A Mutual Charge: The Shared Mission Of Herbert Hoover And Harry S. Truman To Alleviate Global Hunger In A Postwar World, Brian Douglas Reese Jul 2018

A Mutual Charge: The Shared Mission Of Herbert Hoover And Harry S. Truman To Alleviate Global Hunger In A Postwar World, Brian Douglas Reese

Dissertations and Theses

Famine and destitution stemming from the Second World War had spread across the European continent and parts of Asia by mid-1945. Recognizing the need for recovery and survival in those regions, President Harry S. Truman at the recommendation of several Cabinet members, summoned ex-President Herbert Hoover for advice on how the United States should proceed in offering aid beyond the earlier efforts of the United Nations Rehabilitation and Relief Administration and other relief sources. After an absence from the White House and official government participation for many years, Hoover readily provided crucial advice on addressing famine relief in Europe and ...


Anarchism On The Willamette: The Firebrand Newspaper And The Origins Of A Culturally American Anarchist Movement, 1895-1898, Alecia Jay Giombolini Jul 2018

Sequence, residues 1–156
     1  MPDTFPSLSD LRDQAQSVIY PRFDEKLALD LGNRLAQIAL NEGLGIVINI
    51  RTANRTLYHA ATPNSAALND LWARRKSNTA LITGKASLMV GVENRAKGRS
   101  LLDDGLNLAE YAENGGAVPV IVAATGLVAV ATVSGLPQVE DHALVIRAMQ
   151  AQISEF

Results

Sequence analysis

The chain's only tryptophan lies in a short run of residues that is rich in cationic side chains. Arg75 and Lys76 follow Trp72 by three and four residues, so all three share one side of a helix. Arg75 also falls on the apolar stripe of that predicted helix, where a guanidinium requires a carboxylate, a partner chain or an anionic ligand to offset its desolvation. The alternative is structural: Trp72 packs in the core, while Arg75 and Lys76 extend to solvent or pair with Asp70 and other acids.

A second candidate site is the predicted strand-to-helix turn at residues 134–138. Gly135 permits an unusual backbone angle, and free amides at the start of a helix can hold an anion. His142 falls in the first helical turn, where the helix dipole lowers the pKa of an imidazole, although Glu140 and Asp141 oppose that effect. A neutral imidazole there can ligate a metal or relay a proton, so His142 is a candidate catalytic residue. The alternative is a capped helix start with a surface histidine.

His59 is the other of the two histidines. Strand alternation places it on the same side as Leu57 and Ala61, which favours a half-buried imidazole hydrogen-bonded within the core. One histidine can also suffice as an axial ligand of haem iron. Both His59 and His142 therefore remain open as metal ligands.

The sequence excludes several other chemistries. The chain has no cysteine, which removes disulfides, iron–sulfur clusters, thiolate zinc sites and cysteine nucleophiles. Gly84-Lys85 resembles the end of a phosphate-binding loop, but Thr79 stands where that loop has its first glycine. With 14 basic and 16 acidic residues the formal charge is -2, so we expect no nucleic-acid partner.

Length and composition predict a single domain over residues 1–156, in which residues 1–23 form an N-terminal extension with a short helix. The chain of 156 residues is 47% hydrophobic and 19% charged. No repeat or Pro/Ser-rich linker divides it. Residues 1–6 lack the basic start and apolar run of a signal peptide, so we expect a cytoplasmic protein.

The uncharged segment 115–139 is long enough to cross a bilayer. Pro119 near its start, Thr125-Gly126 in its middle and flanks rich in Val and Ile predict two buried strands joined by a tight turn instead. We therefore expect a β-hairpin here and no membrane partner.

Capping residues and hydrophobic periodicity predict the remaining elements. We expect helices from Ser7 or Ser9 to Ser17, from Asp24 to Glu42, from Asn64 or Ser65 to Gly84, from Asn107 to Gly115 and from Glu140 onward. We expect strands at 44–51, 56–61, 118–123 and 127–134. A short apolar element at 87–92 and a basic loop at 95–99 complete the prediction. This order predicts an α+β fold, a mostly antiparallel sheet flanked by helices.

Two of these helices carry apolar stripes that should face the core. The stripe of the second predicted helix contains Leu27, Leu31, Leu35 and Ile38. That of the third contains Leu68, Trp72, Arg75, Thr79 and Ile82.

Anarchism On The Willamette: The Firebrand Newspaper And The Origins Of A Culturally American Anarchist Movement, 1895-1898, Alecia Jay Giombolini

Dissertations and Theses

The Firebrand was an anarchist communist newspaper that was printed in Portland, Oregon from January 1895 to September 1897. The newspaper was a central catalyst behind the formation of the culturally American anarchist movement, a movement whose vital role in shaping radicalism in the United States during the Progressive Era has largely been ignored by historians. The central argument of this thesis is that the Firebrand publishers' experiences in Gilded Age Portland shaped the content and the format of the newspaper and led to the development of a new, uniquely American expression of anarchism.